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Review of the new Suunto Ambit 2R


Words: Warrick Kernes

Since I first challenged myself to an ultra-distance race back in 2012, I’ve been attached at the wrist to my Polar RCX5 and all the related accessories. As someone who works with technology, I’m constantly learning and hearing about the other new technology coming out and have been keen to try out a Suunto watch for a long time. When Suunto launched the running-focused Suunto 2R, I thought this is the time for me to lay my hands on one and find out if this could be my next watch of choice.

Previously my apprehension to the Suunto watches has been the fact that you need to charge them up every couple of days which seems odd as my previous sports watches and day-to-day watches only need me to think about the battery about once a year. In fact I ended up using the battery life as the foundation of this review – I set out to review the Suunto 2R as thoroughly as I could from a single charge on the battery.

I charged her up on Thursday afternoon and set off on a series of training sessions to see how long the battery would last. On the Thursday evening I tackled a 10km trail run, Friday was a 3hr night road cycle, Saturday we went out for a 60km road cycle, Sunday saw another trail run of 14km and on Monday I sped through a 2.5 hr MTB session. After all this there was still 14% of the battery life remaining and I felt that this was a pretty good test of the watch across various multi-sport training sessions using as many different features as I could. Let’s go through some of the features and details which I liked and some others which I didn’t. 

Trail running pros and cons


• The large screen makes it easy to read the stats at a quick glance.
• GPS tracking gives you the freedom to run wherever you like without being tied into a predetermined route to achieve your target distance.
• You can save and share these routes on the Moves Count social network.
• You can invert the screen’s colours on the go which makes it easier to see in twilight. When it’s dark you can also set the screen light to stay on permanently.


• The built in GPS makes the watch quiet large and I could definitely feel the extra weight on my wrist
• If you’re doing a brick training session then you can’t switch from running to bike or swim. You need to stop the current session and begin a new session.

Cycling pros and cons


• The Suunto handlebar mount is the best I’ve used. The rubber designed mount grips on and stays in place (even through the roughest of MTB sessions).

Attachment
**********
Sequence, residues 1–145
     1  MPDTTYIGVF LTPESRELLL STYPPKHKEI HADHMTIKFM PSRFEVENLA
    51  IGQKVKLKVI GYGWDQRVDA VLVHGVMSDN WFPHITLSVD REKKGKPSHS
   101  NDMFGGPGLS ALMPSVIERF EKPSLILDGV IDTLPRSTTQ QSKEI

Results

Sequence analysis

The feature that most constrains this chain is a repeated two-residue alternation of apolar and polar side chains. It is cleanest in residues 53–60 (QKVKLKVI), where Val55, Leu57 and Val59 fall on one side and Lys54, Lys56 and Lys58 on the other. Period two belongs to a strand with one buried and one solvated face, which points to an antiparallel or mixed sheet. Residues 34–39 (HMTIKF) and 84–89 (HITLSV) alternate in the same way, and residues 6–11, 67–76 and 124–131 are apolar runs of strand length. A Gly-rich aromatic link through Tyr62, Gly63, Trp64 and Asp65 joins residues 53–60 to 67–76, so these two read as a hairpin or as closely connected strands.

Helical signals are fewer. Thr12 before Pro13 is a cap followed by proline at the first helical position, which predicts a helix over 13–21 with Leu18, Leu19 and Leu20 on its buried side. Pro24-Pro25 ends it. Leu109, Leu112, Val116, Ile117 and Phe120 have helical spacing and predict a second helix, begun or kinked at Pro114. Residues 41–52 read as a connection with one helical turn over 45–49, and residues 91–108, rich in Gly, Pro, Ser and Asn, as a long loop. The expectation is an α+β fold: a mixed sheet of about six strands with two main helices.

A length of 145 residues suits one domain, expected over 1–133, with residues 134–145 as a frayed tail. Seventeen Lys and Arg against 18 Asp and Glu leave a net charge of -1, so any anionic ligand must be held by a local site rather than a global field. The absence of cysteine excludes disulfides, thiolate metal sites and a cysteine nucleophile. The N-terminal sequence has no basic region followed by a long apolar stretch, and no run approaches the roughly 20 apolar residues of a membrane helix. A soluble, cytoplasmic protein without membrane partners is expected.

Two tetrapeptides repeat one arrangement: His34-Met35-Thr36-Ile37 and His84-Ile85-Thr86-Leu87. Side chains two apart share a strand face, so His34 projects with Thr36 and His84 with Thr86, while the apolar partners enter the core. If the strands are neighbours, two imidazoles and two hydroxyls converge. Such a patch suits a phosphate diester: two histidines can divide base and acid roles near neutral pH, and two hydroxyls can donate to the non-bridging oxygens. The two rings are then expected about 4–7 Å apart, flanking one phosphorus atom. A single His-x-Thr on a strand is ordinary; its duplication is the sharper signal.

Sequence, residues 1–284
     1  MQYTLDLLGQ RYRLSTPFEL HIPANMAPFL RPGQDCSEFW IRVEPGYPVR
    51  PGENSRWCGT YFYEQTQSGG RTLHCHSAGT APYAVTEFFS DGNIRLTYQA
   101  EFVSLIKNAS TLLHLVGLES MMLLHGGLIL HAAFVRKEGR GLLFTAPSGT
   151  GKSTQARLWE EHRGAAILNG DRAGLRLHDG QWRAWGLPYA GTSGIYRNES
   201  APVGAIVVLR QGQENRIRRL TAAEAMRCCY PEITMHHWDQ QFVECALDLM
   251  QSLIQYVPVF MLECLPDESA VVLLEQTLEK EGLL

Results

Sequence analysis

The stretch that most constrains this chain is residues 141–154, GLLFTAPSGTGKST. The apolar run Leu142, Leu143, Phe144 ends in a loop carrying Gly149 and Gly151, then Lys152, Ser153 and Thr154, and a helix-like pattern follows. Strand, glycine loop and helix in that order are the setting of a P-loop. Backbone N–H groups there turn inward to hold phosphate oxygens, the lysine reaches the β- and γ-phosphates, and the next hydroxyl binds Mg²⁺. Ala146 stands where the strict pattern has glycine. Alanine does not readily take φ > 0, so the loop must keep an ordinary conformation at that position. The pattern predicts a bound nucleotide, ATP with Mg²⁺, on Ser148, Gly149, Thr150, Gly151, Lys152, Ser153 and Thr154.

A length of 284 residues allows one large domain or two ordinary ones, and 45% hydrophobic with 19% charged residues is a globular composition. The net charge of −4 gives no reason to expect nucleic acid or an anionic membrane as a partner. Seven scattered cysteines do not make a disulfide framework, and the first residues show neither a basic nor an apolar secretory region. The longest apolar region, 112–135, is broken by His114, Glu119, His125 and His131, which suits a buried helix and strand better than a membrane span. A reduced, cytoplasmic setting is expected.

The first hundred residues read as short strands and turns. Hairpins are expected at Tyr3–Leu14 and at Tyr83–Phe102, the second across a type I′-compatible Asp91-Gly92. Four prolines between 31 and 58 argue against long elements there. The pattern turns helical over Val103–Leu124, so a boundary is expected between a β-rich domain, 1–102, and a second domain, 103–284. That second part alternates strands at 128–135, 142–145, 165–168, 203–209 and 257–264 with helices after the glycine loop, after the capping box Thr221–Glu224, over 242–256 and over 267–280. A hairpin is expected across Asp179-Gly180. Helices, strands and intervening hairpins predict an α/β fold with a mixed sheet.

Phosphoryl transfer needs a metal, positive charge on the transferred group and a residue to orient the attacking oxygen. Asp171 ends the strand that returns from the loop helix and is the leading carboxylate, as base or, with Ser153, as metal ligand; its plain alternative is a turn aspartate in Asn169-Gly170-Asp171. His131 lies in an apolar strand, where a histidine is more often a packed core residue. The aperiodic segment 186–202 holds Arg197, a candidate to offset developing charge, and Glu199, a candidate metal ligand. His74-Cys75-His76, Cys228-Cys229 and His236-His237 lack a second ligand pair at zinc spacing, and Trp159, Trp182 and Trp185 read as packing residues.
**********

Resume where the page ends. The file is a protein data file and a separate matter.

• Pre-setting a route onto the GPS gives you a big arrow on the screen to keep you on track which is awesome.
• You can have three of you main stats showing nice and big on the main screen and you can easily toggle through another five chosen stats by the press of a button.


• The GPS distance of my road cycle was 400m too far (when compared to Google Maps, Map my Run and the Polar GPS tracker).
• When I stopped moving the speed sensor still showed that I was moving at varying speeds. The photo below was beside my car five minutes after we had finished the ride. I would assume that this may have something to do with the extra 400 metres.

Other points worth noting

• Charging it up from 14% to 100% took 2.5 hour while connected to my laptop via USB.
• From my usage I’ve calculated that the battery will last 25 hours through my normal use.
• When the watch doesn’t pick up any movement it goes into a sleep mode, which is a clever way to preserve the battery life.

My overall opinion

After this review, my next sports watch will certainly have built in GPS as this will make my life so much easier. If I then need to compromise on the bigger size then I will live with that as it is worth having all the extra functionality which built in GPS offers. I feel that some of the bugs that I picked up with the GPS on this Ambit 2R will easily be fixed by a fireware upgrade, so that doesn’t bother me too much. What I will however do is increase the frequency of the GPS pings so that my distance and locations are more accurately captured. This too requires a compromise and this time it is on battery life but unless I’m doing an ultra-distance race then this will again be worth it.

So with all this compromising would I use the Ambit 2R? Unfortunately my answer is "No." Will I however use a Suunto? "Yes, 100%!" My reason for not wanting to use the Ambit 2R is purely because a large majority of my training is multisport brick sessions so I don’t want to have separate workout sessions stats when I’m assessing my training. This luckily can be very easily solved by going with the Suunto Ambit 2 or 2S, which include mostly the same features but importantly for me it has an easy to use multisport switch.